Close up of gecko with deep red filter

In February of last year I lost my best friend: Julia.

It was awful for all of us. We saw it coming (cancer) but it also caught us off guard (people who are larger than life aren’t supposed to die). I spent the better part of the year trying to figure out WTF had happened. I tried to do self care and sort out life with a massive hole in it.

Would things be changed forever? Certainly.

Would I ever feel completely normal? The jury still seems out on that one.

I went to Malawi for the month of November.

I was there for work, volunteering on a wildlife rehabilitation program. I was making sure it was safe and fun and doing work that I could put my company’s stamp behind. I had met Julia at a wildlife rehabilitation centre in Canada so the trip seemed double sad and double significant and double special and all the things you feel while you are grieving.

Geckos are little messengers from the other side. They are sent to let us know people who had passed on are thinking about us.

On my first day volunteering I met all the other volunteers and we got to chatting about the things you do when you are traveling: vaccinations, movies, phone plans and geckos. There was a gecko in the volunteer living room and as he chirped away, a German woman told us about a book she had read when she was younger. The book was about something she couldn’t remember, but the part that stuck with her was that geckos are little messengers from the other side. They are sent to let us know people who had passed on are thinking about us. I asked if she believed this idea. She shrugged and said she didn’t know but wasn’t it a nice idea? We all agreed.

When I was there, I celebrated Julia’s birthday.

It was the first since she had died and I was very hesitant to even think about it. On the morning of, I woke up to the sounds of baboons and vervet monkeys climbing around outside. They called to each other and played in the safety of the centre. I took a deep breath as I un-tucked my mosquito net from my bed and put sandals on. I looked at the light streaming in through the windows below the thatched roof and, through tears in my eyes, saw the dust dance in a sun beam. I took another deep breath, put on my volunteering shirt and took an anti malaria pill. I muttered ‘I miss you Julia’ and went towards the door to start my day. Then I saw it… a gecko. On the ground… dead. I went from hesitant and sad to sitting on the ground laugh-crying.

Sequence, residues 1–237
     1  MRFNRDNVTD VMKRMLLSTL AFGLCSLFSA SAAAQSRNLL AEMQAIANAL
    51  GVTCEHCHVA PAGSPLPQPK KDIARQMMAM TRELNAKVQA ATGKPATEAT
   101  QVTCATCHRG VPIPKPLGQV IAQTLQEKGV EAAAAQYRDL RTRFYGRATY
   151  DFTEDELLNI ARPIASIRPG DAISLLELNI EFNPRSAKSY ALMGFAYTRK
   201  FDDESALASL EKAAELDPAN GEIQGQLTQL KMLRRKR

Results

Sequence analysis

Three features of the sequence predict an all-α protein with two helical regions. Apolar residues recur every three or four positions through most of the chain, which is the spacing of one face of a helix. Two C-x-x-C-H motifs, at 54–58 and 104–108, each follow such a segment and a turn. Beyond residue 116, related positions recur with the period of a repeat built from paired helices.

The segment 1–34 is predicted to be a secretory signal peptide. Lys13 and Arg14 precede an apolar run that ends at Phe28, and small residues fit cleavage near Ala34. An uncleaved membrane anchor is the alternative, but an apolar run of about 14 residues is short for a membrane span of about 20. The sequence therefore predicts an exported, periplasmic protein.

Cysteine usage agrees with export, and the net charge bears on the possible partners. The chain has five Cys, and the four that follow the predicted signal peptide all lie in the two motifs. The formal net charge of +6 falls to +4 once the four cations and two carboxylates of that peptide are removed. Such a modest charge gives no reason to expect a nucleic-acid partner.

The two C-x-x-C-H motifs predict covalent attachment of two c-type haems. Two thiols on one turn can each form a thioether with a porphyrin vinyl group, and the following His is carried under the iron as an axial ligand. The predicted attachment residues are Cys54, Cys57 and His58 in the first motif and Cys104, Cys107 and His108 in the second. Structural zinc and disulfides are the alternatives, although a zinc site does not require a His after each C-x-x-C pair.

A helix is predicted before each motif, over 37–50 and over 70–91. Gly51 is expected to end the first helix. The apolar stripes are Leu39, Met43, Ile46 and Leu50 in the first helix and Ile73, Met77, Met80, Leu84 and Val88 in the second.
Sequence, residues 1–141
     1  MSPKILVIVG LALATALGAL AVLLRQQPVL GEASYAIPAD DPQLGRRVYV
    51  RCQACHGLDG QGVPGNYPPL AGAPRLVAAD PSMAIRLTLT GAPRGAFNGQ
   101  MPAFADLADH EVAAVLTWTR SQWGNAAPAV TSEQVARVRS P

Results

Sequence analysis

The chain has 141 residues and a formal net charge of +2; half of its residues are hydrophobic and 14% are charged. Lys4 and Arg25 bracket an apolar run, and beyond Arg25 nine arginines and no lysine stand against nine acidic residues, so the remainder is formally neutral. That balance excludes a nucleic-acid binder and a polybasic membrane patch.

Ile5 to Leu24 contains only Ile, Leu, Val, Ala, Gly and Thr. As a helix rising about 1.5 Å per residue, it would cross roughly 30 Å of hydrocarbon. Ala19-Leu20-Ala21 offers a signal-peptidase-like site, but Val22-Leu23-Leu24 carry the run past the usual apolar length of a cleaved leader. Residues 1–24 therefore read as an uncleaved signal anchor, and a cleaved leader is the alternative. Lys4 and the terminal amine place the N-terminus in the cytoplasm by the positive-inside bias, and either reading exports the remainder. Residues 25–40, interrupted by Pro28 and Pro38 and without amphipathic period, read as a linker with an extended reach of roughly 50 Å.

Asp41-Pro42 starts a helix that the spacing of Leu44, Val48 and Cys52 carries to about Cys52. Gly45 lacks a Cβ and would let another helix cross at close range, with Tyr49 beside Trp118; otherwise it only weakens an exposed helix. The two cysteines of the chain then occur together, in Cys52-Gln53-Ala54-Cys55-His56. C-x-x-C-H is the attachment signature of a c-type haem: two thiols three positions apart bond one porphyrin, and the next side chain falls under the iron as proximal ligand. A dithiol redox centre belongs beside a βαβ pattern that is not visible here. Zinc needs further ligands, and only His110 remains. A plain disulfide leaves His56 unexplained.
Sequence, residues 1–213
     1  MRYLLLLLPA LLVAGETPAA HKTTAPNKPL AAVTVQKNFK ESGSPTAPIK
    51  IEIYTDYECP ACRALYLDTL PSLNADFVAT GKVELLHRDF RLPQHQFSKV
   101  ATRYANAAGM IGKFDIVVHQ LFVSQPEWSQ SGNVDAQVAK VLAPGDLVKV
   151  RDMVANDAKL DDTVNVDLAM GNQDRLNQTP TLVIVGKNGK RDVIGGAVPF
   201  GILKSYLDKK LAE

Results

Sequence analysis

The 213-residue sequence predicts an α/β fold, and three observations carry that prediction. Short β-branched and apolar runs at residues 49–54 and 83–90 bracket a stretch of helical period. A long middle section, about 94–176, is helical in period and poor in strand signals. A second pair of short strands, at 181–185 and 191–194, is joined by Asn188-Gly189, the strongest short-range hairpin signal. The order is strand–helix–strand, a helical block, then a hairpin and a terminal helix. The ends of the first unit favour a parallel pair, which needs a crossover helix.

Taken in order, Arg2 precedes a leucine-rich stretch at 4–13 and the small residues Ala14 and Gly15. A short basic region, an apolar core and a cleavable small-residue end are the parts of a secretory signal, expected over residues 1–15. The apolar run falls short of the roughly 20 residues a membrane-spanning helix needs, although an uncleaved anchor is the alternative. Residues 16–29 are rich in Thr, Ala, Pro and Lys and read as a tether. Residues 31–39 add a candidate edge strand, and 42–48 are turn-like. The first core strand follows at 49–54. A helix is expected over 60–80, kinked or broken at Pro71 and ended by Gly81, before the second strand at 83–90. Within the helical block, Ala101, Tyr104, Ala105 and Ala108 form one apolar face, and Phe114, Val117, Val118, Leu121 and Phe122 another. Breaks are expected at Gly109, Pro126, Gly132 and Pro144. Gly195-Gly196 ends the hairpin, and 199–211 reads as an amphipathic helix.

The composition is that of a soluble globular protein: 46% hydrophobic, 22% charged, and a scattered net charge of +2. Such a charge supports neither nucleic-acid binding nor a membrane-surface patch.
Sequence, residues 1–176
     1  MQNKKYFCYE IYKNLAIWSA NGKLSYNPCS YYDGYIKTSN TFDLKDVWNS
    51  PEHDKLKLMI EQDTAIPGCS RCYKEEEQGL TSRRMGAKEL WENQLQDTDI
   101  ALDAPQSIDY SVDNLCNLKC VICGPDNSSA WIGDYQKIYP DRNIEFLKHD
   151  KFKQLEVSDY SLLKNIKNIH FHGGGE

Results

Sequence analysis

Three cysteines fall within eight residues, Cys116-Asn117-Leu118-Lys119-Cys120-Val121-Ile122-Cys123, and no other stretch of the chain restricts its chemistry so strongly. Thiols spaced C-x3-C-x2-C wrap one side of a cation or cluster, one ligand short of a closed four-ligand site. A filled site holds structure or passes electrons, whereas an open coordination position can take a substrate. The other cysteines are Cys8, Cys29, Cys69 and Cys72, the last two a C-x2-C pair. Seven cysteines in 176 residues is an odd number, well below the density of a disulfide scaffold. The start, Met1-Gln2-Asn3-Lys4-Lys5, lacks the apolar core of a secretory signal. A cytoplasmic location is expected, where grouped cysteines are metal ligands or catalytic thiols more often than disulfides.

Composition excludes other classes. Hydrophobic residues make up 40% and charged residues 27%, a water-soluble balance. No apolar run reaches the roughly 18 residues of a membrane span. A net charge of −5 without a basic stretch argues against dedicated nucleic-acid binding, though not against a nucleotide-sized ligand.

Julia was one of the sweetest people I had ever met and she also was hilarious. She, like everyone in our lives who loves us, would never want to see any of us sad. A gecko in my cabin on her birthday? That is tear inducing, it’s a bit real. A dead one? That’s comedic gold. I knew immediately she was thinking about me but that she also wanted me to laugh and shake my fist at the sky.

Sometimes life is sad. Sometimes life is an adventure. Sometimes life is absurd.

Sometimes life is all of those things (and more) and you remember that because of a dead gecko.

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About The Author

Nora Livingstone's picture

Nora Livingstone is the Co-Founder and CEO of Animal Experience International, a B Corp that matches animal lovers with beneficial and adventurous volunteer experiences around the world. She has volunteered with animals in more than 25 countries, including Croatia, Mongolia, Sierra Leone, and Guatemala. Nora holds a double major from Trent University in Environmental Studies and Cultural Anthropology and holds internationally recognized certifications for guiding, leadership, crisis intervention, and deployment during natural disasters. She carries a tiny plastic horse and stuffed mouse with her every time she travels.

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